‘I thought jeans, maybe, pants of some sort since they were robbing banks and making quick getaways. But Warren and Arthur wanted to put her in dresses, great costumes that would give her style…the look for Bonnie was smack out of the thirties, but glamorised and very beautiful…’
Jeans do seem like an obvious choice, not only for practicality but because Bonnie resembled independence – something women in the 60s, keen to take control of careers and relationships, were likely to appreciate. Very few films before Bonnie and Clyde had explored femininity within the gangster genre; Bonnie sits somewhere between 1930s ideals and 1960s-borrowed radicalism. Many of Bonnie’s character traits feel very contemporary – she’s aware of her sexuality, craves a life of adventure and independence, and gets turned on by violence. Whilst Bonnie is presented as a sexual object from the start – the opening shots pans her lips and naked body – she’s never a ‘sex object’. Clyde, who claims ‘I ain’t no lover boy’, is overwhelmed and dazzled by her sexual advances and when he’s unable to perform she channels her unrequited passion into crime. To retain sympathy for her character, the audience needed visual reminders of her femininity – and that’s where Van Runkle’s trouser-free wardrobe is essential.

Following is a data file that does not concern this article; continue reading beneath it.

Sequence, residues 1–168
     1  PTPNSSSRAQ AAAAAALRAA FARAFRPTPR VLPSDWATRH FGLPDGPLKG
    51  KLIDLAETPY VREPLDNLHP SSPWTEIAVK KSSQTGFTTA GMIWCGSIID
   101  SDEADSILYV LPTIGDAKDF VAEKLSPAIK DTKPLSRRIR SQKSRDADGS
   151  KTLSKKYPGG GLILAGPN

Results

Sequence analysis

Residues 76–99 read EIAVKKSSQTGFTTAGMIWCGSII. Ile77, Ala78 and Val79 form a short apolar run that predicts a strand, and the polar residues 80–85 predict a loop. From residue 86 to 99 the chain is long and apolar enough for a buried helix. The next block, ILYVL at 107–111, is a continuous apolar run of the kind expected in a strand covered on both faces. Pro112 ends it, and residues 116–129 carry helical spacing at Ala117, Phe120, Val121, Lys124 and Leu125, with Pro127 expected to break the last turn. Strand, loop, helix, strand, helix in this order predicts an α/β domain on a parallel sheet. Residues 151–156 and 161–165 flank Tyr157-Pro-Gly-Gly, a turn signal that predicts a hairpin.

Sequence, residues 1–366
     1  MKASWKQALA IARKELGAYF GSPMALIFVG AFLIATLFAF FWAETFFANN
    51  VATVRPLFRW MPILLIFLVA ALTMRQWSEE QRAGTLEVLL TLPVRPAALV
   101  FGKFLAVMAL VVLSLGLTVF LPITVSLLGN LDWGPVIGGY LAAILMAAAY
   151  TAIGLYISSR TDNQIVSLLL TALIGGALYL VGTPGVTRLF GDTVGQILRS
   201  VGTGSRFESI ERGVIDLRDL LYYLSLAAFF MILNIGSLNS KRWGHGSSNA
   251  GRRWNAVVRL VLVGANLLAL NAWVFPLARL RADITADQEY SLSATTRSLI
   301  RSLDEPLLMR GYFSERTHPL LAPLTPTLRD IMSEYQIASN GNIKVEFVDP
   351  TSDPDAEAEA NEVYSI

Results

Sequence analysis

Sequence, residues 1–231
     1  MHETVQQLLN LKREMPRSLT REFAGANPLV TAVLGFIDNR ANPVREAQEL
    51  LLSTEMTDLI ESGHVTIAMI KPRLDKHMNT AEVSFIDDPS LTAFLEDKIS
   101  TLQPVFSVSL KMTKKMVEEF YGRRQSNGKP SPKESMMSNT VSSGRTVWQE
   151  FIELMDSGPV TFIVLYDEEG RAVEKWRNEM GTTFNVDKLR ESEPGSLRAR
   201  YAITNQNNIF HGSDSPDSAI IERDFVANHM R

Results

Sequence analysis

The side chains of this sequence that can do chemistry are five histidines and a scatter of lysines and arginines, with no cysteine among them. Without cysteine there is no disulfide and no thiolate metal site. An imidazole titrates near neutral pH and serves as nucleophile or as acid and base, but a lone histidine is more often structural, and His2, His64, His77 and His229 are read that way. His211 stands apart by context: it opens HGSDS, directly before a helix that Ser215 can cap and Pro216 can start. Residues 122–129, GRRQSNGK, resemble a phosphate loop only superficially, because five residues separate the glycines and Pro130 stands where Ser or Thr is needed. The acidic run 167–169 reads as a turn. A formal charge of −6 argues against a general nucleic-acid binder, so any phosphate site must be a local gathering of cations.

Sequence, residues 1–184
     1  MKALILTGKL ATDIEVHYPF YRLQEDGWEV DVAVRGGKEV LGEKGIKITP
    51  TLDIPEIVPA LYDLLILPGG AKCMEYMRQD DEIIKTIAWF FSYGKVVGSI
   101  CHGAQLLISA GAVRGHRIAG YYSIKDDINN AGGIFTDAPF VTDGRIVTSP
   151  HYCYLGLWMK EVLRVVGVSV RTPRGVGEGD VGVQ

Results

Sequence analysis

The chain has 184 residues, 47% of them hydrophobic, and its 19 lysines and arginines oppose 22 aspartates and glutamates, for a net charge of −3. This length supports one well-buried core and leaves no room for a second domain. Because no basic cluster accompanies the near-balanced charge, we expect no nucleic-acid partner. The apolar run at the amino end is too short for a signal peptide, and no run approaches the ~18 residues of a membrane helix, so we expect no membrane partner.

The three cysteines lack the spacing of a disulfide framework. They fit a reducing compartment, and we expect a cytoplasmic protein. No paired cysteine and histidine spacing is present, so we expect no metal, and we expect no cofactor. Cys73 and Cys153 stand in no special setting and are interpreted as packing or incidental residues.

In the opening scene, Bonnie wears a loose, crumpled button-down dress and flat ballet shoes. The soft peach colour softens her sexuality and makes her seem unthreatening. Cut on the bias, it’s loose and flattering; although it’s threadbare status reinforces her poverty. Van Runkle scoured vintage shops for individual pieces; their pre-loved status suited the travelling wardrobe she was trying to create. During production, Van Runkle met Edith Head who advised her use flowered chiffons to recreate a 1930s vibe. But the designer remained unconvinced, and chose instead to rely on her own research which suggested that once Bonnie and Clyde began to earn money from bank robbing they began to shop at more ‘upmarket’ establishments – including the Marshall and Fields catalogue.